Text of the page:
Here is a summary of my post-CPI tweets. You can (and should!) follow me @inflation_guy or sign up for email updates to my occasional articles here. Investors with interests in this area be sure to stop by Enduring Investments.
- CPI Day! Exciting. The y/y for core will "drop off" +0.20% m/m from last yr, so to get core to 1.9% y/y takes +0.29 m/m this yr.
- Consensus looks for a downtick in core to 1.7% y/y (rounding down) instead of the rounded-up 1.8% (actually 1.754%) last mo.
- oohoooooo! Core +0.3% m/m. y/y stays at 1.8%. Checking rounding.
- +0.256% m/m on core, so the 0.3% is mostly shock value. But y/y goes to 1.81%, no round-assist needed.
- Headline was in line with expectations, -0.2% y/y. Big sigh of relief from dealers holding TIPS inventory left from the auction.
- Core ex-shelter was +0.24%, biggest rise since Jan 2013. That's important.
- This really helps my speaking engagement next mo - a debate between pro & con inflation positions at Global Fixed Income Institute. :-)
- More analysis coming. But Excel really hates it when you focus on another program while a big sheet is calculating...
- It's still core services doing all the heavy lifting. Core goods was -0.2% y/y (unch) while core services rose to 2.5% y/y.
- Core services has been 2.4%-2.5% since August.
- Owners' Equivalent Rent rose to 2.77% y/y, highest since...well, a long time.
- Thanks Excel for giving me my data back. As I said, OER was 2.77%, up from 2.69%. Primary rents frll to 3.47% from 3.53%.
- Housing as a whole went to 2.20% y/y from 1.93%, which is huge. Some of that was household energy but ex-energy shelter was 2.67 vs 2.56
- Or housing ex-shelter, ex-energy was 1.14% from 0.67%. Seems I am drilling a bit deep but getting housing right is very important.
- Medical Care +2.91% from 2.46%. Big jump, but mostly repaying the inexplicable dip from Q1. Lot of this is new O'care seasonality.
- Median is a bit of a wildcard this month. Looks like median category will be OER (South Urban), so it will depend on seasonal adj.
- But best guess for median has been 0.2% for a while. Underlying inflation is and has been 2.0%-2.4% since 2011.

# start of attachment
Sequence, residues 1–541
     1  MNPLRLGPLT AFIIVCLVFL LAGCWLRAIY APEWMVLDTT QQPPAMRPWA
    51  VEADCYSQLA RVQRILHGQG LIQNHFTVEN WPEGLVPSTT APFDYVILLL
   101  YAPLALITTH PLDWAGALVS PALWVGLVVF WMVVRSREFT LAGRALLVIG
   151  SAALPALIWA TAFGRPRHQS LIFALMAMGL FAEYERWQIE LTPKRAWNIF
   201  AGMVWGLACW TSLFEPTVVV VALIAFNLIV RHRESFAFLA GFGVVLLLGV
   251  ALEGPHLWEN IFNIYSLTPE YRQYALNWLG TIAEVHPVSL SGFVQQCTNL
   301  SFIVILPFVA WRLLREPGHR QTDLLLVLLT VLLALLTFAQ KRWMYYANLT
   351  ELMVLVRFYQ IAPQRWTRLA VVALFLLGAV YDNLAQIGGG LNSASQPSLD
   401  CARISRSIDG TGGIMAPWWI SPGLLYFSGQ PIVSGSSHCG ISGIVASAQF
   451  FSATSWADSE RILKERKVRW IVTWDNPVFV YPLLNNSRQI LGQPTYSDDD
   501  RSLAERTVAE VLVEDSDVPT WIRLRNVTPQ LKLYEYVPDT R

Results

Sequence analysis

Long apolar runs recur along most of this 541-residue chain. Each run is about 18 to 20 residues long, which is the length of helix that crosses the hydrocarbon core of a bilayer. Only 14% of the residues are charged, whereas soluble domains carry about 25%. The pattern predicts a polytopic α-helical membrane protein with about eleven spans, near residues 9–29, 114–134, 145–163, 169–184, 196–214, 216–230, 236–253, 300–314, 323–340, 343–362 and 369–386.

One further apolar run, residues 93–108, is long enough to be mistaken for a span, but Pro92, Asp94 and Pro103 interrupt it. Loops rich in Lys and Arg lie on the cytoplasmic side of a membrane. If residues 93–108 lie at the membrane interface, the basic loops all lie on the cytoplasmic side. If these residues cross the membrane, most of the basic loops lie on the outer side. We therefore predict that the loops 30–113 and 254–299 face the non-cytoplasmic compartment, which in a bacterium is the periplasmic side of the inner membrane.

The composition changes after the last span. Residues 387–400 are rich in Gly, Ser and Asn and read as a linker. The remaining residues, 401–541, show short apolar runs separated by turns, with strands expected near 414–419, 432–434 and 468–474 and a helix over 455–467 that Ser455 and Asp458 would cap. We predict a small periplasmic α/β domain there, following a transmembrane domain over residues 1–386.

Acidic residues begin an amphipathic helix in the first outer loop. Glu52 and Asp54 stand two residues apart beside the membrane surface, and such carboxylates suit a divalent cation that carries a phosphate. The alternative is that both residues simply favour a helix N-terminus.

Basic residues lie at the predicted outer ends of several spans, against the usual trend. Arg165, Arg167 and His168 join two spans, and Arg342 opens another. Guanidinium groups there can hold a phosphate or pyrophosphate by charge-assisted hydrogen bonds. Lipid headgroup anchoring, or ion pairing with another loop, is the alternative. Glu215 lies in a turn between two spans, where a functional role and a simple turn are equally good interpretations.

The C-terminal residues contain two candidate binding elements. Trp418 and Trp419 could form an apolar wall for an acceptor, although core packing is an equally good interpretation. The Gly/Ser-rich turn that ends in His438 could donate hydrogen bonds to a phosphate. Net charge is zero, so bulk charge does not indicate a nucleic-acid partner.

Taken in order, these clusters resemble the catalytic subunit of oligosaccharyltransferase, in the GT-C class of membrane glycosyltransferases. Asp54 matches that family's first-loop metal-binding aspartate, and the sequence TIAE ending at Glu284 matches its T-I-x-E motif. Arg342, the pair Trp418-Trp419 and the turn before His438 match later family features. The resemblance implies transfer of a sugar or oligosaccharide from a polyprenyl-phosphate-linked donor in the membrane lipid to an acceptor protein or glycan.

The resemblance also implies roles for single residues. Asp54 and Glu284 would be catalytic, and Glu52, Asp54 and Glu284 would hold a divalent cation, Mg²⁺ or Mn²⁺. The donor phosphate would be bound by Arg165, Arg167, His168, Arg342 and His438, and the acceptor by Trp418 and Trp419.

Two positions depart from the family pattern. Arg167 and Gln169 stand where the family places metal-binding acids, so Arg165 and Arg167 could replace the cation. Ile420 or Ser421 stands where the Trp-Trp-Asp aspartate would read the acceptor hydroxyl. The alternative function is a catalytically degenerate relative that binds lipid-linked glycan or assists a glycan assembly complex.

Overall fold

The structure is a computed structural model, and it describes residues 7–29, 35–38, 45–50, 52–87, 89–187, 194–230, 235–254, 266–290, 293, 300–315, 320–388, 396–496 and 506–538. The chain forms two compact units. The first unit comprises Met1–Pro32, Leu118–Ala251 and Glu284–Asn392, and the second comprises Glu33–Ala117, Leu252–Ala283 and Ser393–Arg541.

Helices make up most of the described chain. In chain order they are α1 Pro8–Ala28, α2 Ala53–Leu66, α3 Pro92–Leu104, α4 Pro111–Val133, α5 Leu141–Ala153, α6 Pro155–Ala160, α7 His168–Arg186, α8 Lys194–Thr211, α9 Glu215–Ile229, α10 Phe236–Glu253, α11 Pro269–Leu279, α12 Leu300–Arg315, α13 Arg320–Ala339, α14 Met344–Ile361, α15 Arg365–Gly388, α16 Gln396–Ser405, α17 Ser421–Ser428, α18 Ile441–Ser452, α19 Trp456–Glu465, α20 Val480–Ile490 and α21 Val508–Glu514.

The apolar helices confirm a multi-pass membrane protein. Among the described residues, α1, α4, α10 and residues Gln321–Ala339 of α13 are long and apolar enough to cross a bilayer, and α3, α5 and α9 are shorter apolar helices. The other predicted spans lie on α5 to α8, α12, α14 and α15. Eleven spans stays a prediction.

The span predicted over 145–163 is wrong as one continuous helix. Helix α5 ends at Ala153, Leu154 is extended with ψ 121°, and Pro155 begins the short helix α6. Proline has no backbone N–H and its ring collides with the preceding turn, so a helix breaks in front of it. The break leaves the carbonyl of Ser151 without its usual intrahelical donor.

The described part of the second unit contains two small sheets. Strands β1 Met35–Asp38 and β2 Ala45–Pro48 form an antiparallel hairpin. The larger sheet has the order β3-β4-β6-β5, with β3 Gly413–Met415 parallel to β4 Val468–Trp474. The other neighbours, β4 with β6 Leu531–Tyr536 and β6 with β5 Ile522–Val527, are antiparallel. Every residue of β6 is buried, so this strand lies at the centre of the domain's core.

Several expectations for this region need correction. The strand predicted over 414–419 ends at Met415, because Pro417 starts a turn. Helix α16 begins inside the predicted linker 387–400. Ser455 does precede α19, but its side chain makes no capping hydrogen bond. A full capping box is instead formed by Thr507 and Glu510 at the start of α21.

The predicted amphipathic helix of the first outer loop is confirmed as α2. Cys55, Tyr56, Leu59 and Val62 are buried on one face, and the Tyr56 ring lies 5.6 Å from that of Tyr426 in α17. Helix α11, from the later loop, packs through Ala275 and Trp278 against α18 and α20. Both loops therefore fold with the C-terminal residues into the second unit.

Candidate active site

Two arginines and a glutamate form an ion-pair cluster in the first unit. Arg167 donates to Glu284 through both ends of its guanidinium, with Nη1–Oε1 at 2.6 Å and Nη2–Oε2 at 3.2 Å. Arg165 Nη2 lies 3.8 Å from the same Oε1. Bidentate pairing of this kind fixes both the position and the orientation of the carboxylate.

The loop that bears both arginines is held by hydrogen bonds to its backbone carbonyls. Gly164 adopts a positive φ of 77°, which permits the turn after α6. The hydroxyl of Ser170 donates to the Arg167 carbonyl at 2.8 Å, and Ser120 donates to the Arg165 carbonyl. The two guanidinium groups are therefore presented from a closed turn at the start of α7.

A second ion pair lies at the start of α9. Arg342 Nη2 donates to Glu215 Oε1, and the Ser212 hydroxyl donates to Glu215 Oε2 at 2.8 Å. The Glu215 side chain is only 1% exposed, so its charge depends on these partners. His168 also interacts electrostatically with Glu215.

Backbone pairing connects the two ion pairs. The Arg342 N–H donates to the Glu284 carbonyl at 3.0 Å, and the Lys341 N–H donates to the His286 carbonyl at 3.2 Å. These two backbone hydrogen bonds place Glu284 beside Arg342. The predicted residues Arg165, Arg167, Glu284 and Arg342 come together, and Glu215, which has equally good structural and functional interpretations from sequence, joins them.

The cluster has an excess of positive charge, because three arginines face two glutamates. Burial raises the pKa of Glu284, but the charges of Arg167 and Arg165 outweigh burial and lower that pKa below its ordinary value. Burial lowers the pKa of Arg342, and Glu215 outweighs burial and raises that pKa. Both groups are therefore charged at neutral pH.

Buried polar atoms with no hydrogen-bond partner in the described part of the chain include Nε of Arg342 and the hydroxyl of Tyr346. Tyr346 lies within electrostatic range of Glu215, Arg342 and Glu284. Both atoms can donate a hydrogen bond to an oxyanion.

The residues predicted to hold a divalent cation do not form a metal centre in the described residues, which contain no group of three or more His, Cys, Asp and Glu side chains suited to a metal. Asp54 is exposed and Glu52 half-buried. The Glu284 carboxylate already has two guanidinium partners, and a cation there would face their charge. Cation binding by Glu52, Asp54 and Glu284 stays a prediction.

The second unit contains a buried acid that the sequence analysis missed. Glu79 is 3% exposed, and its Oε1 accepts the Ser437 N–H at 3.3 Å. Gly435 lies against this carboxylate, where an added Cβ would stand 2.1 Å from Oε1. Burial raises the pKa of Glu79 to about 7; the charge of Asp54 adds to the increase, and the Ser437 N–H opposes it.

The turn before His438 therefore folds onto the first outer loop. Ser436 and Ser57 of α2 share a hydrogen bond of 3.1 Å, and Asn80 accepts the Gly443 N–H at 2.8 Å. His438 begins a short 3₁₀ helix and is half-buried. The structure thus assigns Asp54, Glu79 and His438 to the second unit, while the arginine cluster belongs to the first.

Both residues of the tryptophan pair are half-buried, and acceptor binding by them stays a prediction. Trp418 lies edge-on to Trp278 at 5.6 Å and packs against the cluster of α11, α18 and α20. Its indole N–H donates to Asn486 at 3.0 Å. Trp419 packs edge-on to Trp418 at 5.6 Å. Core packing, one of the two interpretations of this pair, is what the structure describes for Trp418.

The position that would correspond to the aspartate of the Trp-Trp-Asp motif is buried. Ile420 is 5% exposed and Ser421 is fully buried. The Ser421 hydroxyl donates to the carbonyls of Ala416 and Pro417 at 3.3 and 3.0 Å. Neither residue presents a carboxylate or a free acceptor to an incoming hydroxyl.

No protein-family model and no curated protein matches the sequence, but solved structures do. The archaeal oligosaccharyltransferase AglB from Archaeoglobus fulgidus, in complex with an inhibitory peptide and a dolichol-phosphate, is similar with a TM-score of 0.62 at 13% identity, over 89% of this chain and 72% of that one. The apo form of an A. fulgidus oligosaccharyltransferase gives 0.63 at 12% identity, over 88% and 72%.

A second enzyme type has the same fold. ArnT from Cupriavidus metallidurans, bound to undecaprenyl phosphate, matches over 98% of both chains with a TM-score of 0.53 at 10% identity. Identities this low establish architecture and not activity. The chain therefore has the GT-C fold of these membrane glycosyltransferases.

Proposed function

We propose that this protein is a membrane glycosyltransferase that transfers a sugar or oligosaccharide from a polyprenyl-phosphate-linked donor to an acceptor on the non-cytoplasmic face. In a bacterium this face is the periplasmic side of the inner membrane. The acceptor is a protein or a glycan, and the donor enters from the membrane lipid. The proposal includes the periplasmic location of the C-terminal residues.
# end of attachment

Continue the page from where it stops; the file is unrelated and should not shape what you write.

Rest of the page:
- And reminder: it's median that matters. Core will continue to converge upwards to it, (and I think median will go higher.)
- None of this changes the Fed. They're not going to hike rates for a long while. Growth is too weak and that's all they care about.
- For all the noise about the dual mandate, the Fed acts as if it only has one mandate: employment (which they can't do anything about).
- The next few monthly core figures to drop off are 0.23%, 0.14%, 0.10%, and 0.05%.
- So, if we keep printing 0.22% on core, on the day of the Sep FOMC meeting core CPI will be 2.2% y/y, putting core PCE basically at tgt.
- I think this is why FOMC doves have been musing about "symmetrical misses" and letting infl scoot a little higher.
- US #Inflation mkt pricing: 2015 1.1%;2016 1.8%;then 1.8%, 2.0%, 2.0%, 2.1%, 2.2%, 2.3%, 2.4%, 2.5%, & 2025:2.4%.
- For the record, that is the highest m/m print in core CPI since January 2008. It hasn't printed a pure 0.3% or above since 2006.
There is no doubt that this is a stronger inflation print than the market expected. Although the 0.3% print was due to rounding (the first such print, though, since January 2013), the month/month core increase hasn't been above 0.26% since January 2008 and it has been nearly a decade since 0.3% prints weren't an oddity (see chart, source Bloomberg).
You can think of the CPI as being four roughly-equal pieces: Core goods, Core services ex-rents, Rents, and Food & Energy. Obviously, the first three represent Core CPI. The breakdown (source: BLS and Enduring Investments calculations) is shown below.
Note that in the tweet-stream, I referred to core services being 2.4%-2.5% since August. With the chart above, you can see that this was because both pieces were pretty flat, but that the tame performance overall of core services was because services outside of rents was declining while rents were rising. But core services ex-rents appear to have flattened out, while housing indicators suggest higher rents are still ahead (Owners' Equivalent Rent, the bigger piece, went to 2.77%, the highest since January 2008). Core goods, too, look to have flattened out and have probably bottomed.
So the basic story is getting simpler. Housing inflation continues apace, and the moderating effects on consumers' pocketbooks (one-time medical care effects, e.g., which are now being erased with big premium hikes) are ebbing. This merely puts Core on a course to re-converge with Median. If core inflation were to stop when it got to median, the Fed would be very happy. The chart below (Source: Bloomberg) supports the statement I made above, that median inflation has been between 2% and 2.4% since 2011. Incidentally, the chart is through March, but Median CPI was just released as I type this, at 2.2% y/y again.
But that gentle convergence at the Fed target won't happen. Unless the Federal Reserve acts rapidly and decisively, not to raise rates but to remove excess reserves from the banking system (and indeed, to keep rates and thereby velocity low while doing so, a mean trick indeed), inflation has but one way to go. Up. And there appears little risk that the Fed will act decisively in a hawkish fashion.
You can follow me @inflation_guy!
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